Chile president tells trapped miners rescue will come
Chilean President Sebastian Pinera has told the 33 men trapped in a mine in the north of the country every effort is being made to free them.
In a telephone conversation with the shift leader, Luis Urzua, Mr Pinera said the whole of Chile was with them.
The miners urged all efforts to be made to free them by 18 September, Chile's Independence Day.
The men, trapped since 5 August, have not been told that their rescue could take up to four months.
"Mr President, we need you to be strong and to rescue us as soon as possible. Don't abandon us," Mr Urzua said.
Mr Pinera, indicating that their rescue would take "some time", said: "You will not be left alone, you have not been alone. The government is with you all, the entire country is with you all."
He added: "We will knock on every door, we will search for every bit of technology, equipment, every expert, so we can get you out alive.
"Because for us, being able to rescue you alive is a promise that signifies the soul, the love and the spirit of the Chilean people."
Mr Pinera also promised that the men's families - many of whom are camped out at the surface - would be looked after.
The Chilean government has approached Nasa for advice on helping the men deal with being confined and isolated for a long time.
The BBC's Gideon Long, at the mine, says officials are considering sending playing cards and games to the miners to give them something to occupy their time.
They are also investigating ways of simulating day and night, to give the miners a sense of normality, says our correspondent.
Specialist equipment has arrived at the San Jose mine in Copiapo, which is some 725km (450 miles) north of Santiago.
It will bore a shaft down to the men, who are located some 700m (2,300ft) underground.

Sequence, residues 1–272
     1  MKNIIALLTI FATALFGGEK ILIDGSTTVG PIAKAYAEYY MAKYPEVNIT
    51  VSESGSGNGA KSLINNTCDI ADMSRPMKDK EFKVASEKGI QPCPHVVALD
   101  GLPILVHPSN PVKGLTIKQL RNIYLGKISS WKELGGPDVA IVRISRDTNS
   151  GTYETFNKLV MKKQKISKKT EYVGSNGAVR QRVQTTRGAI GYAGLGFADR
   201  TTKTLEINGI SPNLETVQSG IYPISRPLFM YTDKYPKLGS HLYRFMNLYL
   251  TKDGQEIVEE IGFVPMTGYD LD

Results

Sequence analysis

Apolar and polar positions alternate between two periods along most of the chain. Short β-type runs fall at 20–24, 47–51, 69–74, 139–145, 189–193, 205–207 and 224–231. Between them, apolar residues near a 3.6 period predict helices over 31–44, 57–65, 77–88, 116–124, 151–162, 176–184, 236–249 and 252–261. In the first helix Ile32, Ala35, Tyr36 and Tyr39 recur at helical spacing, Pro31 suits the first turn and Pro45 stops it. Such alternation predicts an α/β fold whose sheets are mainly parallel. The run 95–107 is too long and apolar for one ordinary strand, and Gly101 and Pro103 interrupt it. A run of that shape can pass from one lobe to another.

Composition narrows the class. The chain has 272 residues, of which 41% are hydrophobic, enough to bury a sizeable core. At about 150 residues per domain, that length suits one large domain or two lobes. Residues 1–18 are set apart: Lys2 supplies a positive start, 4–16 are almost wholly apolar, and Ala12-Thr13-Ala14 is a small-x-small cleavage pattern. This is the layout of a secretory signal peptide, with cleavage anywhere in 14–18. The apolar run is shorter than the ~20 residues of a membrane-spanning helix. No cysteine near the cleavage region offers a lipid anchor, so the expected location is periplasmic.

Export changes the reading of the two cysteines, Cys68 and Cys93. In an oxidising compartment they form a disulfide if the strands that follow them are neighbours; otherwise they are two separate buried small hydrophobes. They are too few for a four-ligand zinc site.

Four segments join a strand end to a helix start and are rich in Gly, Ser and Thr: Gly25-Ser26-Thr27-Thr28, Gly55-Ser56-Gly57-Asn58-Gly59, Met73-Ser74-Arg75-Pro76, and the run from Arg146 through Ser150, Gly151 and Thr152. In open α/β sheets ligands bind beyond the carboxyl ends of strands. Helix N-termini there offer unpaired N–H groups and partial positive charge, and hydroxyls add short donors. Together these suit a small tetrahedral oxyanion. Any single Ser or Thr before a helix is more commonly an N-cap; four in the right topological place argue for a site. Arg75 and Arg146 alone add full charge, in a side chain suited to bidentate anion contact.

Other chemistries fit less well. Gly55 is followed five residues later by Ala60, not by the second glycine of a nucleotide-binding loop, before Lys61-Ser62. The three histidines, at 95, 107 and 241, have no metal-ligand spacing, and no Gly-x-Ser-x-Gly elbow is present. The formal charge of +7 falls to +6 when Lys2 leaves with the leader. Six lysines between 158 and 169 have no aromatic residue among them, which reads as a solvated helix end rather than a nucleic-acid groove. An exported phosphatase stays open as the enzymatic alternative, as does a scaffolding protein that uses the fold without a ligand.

Andres Sougarret, the engineer in charge of the operation, is planning to drill a new tunnel, then widen it so the men can be pulled one by one to the surface.
He has estimated that it could take three to four months.
However, US mining expert Davitt McAteer said that was a "conservative" estimate.
"We ought to be able to get them out in a period of weeks, not months," he told the Associated Press.
The miners, who spent 17 days surviving on emergency supplies designed for a couple of days, have been receiving glucose and rehydration tablets.
Other supplies included small lights, eye patches and medicine.
Chilean officials say two of the miners have some medical experience and would help people above to monitor the health of their colleagues.
The miners were trapped when the main access tunnel collapsed. They are located 7km (4.5 miles) into the winding mine, where they are sheltering in a 50 sq m side-chamber off one of the main passages.
Days of growing despair turned to jubilation on Sunday when rescuers made contact with the miners via a probe lowered into the mine.
One of the men, Mario Gomez, who wrote a note indicating that they were alive, has become a symbol of their resilience.
His wife said that her husband had sent her an emotional letter with the note.
"It said that he loves me. I've never received words from him like that, even when we were engaged, he has never been a romantic," Liliana Ramirez told the AFP news agency.
The miners' families are maintaining a vigil outside the mine. They have been sending personal messages to the men but have avoided mentioning the time it may take to rescue them.